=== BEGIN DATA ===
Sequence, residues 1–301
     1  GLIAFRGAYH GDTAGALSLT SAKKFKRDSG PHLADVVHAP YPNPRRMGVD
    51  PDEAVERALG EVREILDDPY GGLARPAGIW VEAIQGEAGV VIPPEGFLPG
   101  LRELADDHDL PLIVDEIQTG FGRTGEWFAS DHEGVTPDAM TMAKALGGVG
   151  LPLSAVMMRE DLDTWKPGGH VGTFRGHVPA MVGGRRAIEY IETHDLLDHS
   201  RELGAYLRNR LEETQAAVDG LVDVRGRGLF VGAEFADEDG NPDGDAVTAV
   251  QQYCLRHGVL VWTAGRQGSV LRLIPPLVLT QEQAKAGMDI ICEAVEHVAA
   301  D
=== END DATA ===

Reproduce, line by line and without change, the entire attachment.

Sequence, residues 1–301
     1  GLIAFRGAYH GDTAGALSLT SAKKFKRDSG PHLADVVHAP YPNPRRMGVD
    51  PDEAVERALG EVREILDDPY GGLARPAGIW VEAIQGEAGV VIPPEGFLPG
   101  LRELADDHDL PLIVDEIQTG FGRTGEWFAS DHEGVTPDAM TMAKALGGVG
   151  LPLSAVMMRE DLDTWKPGGH VGTFRGHVPA MVGGRRAIEY IETHDLLDHS
   201  RELGAYLRNR LEETQAAVDG LVDVRGRGLF VGAEFADEDG NPDGDAVTAV
   251  QQYCLRHGVL VWTAGRQGSV LRLIPPLVLT QEQAKAGMDI ICEAVEHVAA
   301  D